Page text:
But as the saying goes, “God has children, but no grandchildren”. It doesn’t matter whether our parents or aunts or uncles are saintly, or priests, or bishops, or monastics, it’s what we ourselves do with the time, talents and material wealth which God has given to us which will either open or lock the gates of Heaven for us. If we don’t want to be saved even God Himself can’t force us (and God can do anything!).
The bottom line, you see, is that I don’t feel comfortable making either you, or me, or the Church into a hypocrite. Jesus preached love, but He also preached truth and responsibility. He accepted the worst sinners who repented, but he condemned everyone (the “church people” first and foremost!) who was hypocritical. So you see, my problem is not that you were a sinner. I’m a sinner too. My problem is that if you consciously chose not to have anything to do with the Church during your lifetime then burying you from the Church makes you into a hypocrite, which I don’t want to do. If I decide to bury you for a stipend, or just in order not to “make waves” in the community, I’m then a hypocrite. And if hypocritical priests bury hypocritical laymen it certainly makes the Church appear hypocritical, doesn’t it?
“But the Church is full of hypocritical people,” you might say. You’re right, and again, I’m one of them. I personally would rather deal with an honest atheist than a nominal believer. But the very fact that someone is willing to give God the “benefit of the doubt” (if not real faith) by paying their parish membership, by being well disposed towards the Church, by showing up for the occasional religious or cultural or social gathering really does mean something. We are taught that when we take one step towards God, He comes running toward us (You may have heard the story of the Prodigal Son. It’s been on the best seller list for a long time). At this moment I’d really like to learn about any conscious step you may have taken in your adult life towards God, but I’m not having much luck.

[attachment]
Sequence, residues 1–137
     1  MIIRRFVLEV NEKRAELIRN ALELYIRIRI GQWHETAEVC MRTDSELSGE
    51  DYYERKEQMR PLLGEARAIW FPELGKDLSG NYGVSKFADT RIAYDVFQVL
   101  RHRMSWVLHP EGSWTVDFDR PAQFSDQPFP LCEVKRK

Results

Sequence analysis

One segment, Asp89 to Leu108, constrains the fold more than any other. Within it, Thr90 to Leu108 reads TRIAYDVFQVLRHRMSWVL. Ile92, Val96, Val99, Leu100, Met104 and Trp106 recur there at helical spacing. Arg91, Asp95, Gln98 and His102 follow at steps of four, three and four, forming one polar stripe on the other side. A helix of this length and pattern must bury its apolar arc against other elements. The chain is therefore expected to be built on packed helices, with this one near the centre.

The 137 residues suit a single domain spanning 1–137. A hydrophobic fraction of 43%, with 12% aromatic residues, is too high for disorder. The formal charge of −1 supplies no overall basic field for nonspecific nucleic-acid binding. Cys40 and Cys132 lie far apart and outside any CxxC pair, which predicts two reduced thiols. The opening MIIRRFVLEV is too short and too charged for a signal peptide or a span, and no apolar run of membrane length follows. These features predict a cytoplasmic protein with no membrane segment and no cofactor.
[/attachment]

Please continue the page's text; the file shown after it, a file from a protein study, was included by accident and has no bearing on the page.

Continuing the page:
So I don’t know what to do. I don’t know whether giving you a Christian burial will be for God’s glory, or compromise the Churches authority and discipline. We all know that a funeral has absolutely nothing to do with whether we go to heaven or not. Many saints didn’t receive a Christian burial, but are in heaven. Others, who were buried with great pomp and ceremony but had grave, unrepented sins weren’t helped by their funerals, because repenting is one of those things that only we can do for ourselves. In any other sphere of life a different set of expectations is in place - if I’m not in the army, for example, and ask for a military funeral the officer at the local base will not only deny my request, he’ll think I’m crazy. But the Church, the Church is, well, supposed to be different!
“But Father, the funeral is for the living”. If I hear this nonsense one more time I think I’m going to be sick. I’ve never heard of a funeral being served for someone who was alive. Orthodox Christians believe that prayers for the dead can be beneficial. We don’t believe in “closed casket” funerals, or worse yet, funerals without a corpse. Yes, a funeral, piously served and chanted, with a proper sermon, can bring great comfort to the grieving and spiritual edification (sometimes even enlightenment) to those present. But it’s my experience that people “write their own eulogy”. In cases like yours lying won’t do, and telling the truth might not be terribly comfortable.
So forgive me. If I was wiser, and more compassionate, and holier, I’d know what to do, what to say. But I don’t. Am I going to serve the funeral? I don’t know yet. The only thing I know for sure is that at this moment I hope and pray with all my heart that your current dilemma is less traumatic than mine. But somehow I doubt it.